- Emulsifiers: One mouse study looked at the impact of two emulsifiers: carboxymethylcellulose (CMC) and polysorbate-80 (P80). The researchers found the emulsifiers led to a change in the microbiota, including increasing the number of bacteria associated with inflammation as well as an erosion of the mucosa lining and an increased adherence of bacteria. They also found an increased risk of obesity and metabolic syndrome. Just 0.1% CMC led to modest increases in the fasting glucose and body weight, while 0.5% led to low-grade inflammation and increased weight. Similar quantities by P80 also started to cause problems. Many of the effects were directly related to the microbiome, as germ-free mice did not present with the same changes. This result may mean the negative effects of these emulsifiers are on the microbiome rather than having a direct effect. Studies have also found that common emulsifiers, such as dextran sulfate sodium, directly impacts the mucosal barrier, allowing for the translocation of bacteria and potentially leading to inflammation. Again, these studies are in animals and quite limited, so there’s no conclusive data, but it’s worthwhile to continue to explore.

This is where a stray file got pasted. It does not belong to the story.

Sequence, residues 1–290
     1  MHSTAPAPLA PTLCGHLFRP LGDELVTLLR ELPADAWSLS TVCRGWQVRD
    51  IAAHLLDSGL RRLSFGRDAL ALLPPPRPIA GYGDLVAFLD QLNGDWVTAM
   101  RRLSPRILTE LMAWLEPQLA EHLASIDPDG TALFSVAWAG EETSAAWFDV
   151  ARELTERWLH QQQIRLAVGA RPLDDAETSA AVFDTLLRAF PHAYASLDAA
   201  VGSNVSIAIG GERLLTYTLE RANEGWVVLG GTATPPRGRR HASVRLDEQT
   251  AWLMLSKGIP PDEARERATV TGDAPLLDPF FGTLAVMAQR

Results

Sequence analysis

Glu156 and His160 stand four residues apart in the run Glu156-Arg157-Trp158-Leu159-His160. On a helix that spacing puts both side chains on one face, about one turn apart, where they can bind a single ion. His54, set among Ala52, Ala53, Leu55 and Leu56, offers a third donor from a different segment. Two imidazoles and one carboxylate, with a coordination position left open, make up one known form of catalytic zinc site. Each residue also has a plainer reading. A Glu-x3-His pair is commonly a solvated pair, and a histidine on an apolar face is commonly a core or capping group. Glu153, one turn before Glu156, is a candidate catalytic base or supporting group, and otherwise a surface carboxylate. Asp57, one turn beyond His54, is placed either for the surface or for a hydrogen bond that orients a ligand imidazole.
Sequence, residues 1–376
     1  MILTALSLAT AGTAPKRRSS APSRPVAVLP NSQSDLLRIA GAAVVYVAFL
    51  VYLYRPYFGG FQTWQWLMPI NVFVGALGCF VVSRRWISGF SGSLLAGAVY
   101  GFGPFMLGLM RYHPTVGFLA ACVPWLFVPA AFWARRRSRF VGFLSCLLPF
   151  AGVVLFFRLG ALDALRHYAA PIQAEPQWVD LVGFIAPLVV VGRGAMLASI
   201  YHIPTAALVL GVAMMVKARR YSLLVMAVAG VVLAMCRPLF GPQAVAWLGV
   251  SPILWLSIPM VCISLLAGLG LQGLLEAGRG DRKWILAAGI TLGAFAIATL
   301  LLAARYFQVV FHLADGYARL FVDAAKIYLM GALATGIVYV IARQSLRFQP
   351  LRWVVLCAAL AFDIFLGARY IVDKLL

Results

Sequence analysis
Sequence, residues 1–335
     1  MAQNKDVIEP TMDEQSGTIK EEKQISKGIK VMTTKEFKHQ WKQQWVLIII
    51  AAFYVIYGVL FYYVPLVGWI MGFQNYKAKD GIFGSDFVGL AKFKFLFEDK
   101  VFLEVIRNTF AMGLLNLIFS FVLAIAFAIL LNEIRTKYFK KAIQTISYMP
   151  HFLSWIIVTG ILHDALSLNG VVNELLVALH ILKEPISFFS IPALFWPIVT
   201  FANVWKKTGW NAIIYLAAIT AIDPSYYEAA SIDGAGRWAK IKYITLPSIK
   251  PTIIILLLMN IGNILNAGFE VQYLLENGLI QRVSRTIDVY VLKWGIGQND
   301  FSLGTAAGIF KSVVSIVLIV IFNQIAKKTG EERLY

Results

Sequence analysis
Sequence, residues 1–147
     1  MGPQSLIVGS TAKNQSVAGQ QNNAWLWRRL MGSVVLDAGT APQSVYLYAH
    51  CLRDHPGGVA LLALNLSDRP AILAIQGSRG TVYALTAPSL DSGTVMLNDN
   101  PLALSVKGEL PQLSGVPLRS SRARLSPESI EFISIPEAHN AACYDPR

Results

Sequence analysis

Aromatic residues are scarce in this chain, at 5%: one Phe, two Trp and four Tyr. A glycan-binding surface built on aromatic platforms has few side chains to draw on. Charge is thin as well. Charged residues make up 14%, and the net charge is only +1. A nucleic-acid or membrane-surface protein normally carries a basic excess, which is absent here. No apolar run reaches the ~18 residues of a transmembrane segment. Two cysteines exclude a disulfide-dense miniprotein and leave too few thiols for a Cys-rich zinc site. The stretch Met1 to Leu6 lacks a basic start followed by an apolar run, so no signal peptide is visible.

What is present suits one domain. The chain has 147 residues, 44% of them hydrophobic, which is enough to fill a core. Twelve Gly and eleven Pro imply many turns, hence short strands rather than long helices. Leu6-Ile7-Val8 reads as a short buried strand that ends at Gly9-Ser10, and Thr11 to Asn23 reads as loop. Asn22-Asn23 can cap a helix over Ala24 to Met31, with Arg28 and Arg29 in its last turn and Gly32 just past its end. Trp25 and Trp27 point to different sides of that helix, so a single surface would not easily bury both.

- Parabens, Phthalates, & Plasticizers: One study reviewed prescription drugs, over-the-counter drugs, and dietary supplements for the use of phthalates as an excipient. In this study, 24 dietary supplement products on the market had diethyl phthalate (DEP) as an ingredient, and 93 included phthalate polymers. It’s important to eliminate these compounds due to the wide range of endocrine-disrupting effects they can create. Keep in mind that they are not only in dietary supplements, but they’re found in foods and personal care products, too.